The incident has highlighted, once again, the utter disregard for women’s safety in India and how politicians, police and powerful community leaders often blame the women for venturing out late in the night, visiting pubs or for even dressing in a certain way.
College students protested outside the police station in New Delhi on Tuesday, holding up placards saying, “My voice is louder than my clothes,” “Your gaze is bad, why blame me?” and “Delhi’s Shame.”
The Indian capital has earned the dubious reputation of being the “rape capital” of the nation, topping a list of ten big cities. According to police data, the number of rape cases reported in New Delhi rose from 459 in 2009 to 568 in 2011. This year, there have been more than 600 cases, so far. One in three women feels unsafe using the city public transport, and 92 percent of working women reported feeling unsafe after sundown, said a new study by ASSOCHAM Social Development Foundation.
Sexual harassment and molestation of women in public spaces is routine in India, but it is often swept under the carpet with the innocuous-sounding euphemism of “eve-teasing.” Changes in definition and language are being proposed in a new sexual assault law that Parliament is now considering.
News television channels ran headlines on Monday and Tuesday saying “India betrays its daughters,” “Nation outraged,” “Raped and left to die,” “No more talk, time for action.”
Police have arrested three of the accused, including the bus driver, who ferried school children in his bus by day.
The young victim continued to battle for her life in a hospital, helped to breath by a ventilator and with severe injuries all over her body.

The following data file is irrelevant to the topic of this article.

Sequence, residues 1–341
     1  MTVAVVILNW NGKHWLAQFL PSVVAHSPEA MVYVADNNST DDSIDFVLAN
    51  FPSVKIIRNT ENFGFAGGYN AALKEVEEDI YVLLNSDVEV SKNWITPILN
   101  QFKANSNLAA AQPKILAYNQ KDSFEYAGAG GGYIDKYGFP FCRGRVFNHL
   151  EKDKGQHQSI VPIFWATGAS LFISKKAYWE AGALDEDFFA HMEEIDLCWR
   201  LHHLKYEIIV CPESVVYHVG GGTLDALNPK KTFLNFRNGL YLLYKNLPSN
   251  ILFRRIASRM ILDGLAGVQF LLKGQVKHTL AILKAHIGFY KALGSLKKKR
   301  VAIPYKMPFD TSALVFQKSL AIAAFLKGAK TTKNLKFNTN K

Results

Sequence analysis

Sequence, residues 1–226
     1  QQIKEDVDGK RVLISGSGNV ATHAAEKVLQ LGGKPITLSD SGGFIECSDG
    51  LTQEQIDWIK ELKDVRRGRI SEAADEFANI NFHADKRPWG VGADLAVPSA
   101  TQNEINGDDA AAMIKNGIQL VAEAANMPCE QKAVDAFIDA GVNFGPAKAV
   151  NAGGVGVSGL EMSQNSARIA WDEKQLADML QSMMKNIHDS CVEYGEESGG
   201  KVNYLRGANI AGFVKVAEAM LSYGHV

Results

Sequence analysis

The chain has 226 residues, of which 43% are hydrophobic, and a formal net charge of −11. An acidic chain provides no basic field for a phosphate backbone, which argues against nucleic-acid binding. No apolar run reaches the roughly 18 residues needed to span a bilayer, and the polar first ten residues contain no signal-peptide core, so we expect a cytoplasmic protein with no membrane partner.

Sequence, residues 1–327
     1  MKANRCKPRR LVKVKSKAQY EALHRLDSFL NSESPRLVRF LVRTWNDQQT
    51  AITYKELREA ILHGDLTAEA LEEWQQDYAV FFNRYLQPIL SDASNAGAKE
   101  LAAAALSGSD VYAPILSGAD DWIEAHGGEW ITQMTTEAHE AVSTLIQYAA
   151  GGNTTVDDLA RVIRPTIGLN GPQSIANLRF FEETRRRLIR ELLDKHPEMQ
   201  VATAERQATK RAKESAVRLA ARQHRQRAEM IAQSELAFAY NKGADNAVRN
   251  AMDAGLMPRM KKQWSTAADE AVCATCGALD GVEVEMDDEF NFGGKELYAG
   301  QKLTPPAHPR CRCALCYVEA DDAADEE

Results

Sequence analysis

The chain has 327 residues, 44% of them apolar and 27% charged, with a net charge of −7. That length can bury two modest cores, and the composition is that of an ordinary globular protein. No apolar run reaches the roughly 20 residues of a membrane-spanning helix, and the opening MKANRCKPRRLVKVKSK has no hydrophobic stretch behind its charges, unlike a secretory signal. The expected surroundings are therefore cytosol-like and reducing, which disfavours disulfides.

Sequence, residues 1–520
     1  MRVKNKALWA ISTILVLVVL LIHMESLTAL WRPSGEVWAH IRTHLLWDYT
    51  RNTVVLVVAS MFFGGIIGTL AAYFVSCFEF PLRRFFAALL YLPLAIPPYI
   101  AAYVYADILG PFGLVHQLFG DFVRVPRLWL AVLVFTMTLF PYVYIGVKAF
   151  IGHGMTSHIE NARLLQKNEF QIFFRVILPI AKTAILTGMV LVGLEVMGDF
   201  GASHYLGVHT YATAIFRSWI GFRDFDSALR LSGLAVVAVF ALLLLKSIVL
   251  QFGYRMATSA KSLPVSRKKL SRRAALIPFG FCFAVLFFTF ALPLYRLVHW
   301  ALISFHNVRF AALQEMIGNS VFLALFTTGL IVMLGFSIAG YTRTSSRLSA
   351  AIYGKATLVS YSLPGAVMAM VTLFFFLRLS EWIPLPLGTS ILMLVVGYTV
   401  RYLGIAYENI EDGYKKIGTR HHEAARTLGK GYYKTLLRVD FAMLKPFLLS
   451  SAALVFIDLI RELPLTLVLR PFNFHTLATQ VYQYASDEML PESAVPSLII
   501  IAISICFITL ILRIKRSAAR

Protestors asked for more camera surveillance across the city and a tracking system to be installed inside public transport. Others lamented that an earlier Supreme Court order against vehicles using darkened glass windows is not being enforced. Some vented their anger at the number of policemen deployed for VIP security, leaving ordinary citizens vulnerable.
One street surveillance camera caught the image of the bus, with dark tinted-glass windows and curtains drawn, speeding past three police vehicles in busy traffic during the period when the young woman was being raped inside.
“What is Delhi police doing? What is the government doing?” asked Sushma Swaraj, a lawmaker in Parliament. “There are no words left to condemn this.”
While Swaraj advocated death penalty for rapists, Abhijeet Singh, leader of India's nascent gun rights lobby said that the rape incident demonstrates the need for easing the government's strict norms for obtaining gun licenses. "There is talk of pepper sprays and martial arts as self-defense for women, but none of this is really effective," Singh, who heads Indians For Guns said. "If the woman had a gun, this was preventable. We need to get rid of our victim mindset."
On Twitter, the anger was palpable.
@rukmini_shrini: I find this Munirka rape terrifying because the girl made the same risk assessment I often make: male companion + public transport = safe.
@ArvindKejriwal7: 635 rapes regd in delhi during 2012. Anyone punished so far? No? Doesn't it encourage such crimes? Each rape case shud be decided in 1 month
@ZahirJ: Not enough to condemn rape. As men we need to acknowledge the misogyny we are fed, we buy into, we propagate
@realpreityzinta: Its disgusting how unsafe Delhi is becoming 4women! Either there should be capital punishment 4 rapists or they should be castrated #Justice
@ShomaChaudhury: Rapes here go on becoz the discussion is always becomes about women's dress, emancipation, character and culture! Glad the outrage's peaked
@CourtWitness1: Dear MP's: Your outrage is fake as long as you collectively put your security above ours. Every cop added to VIP detail means more crime.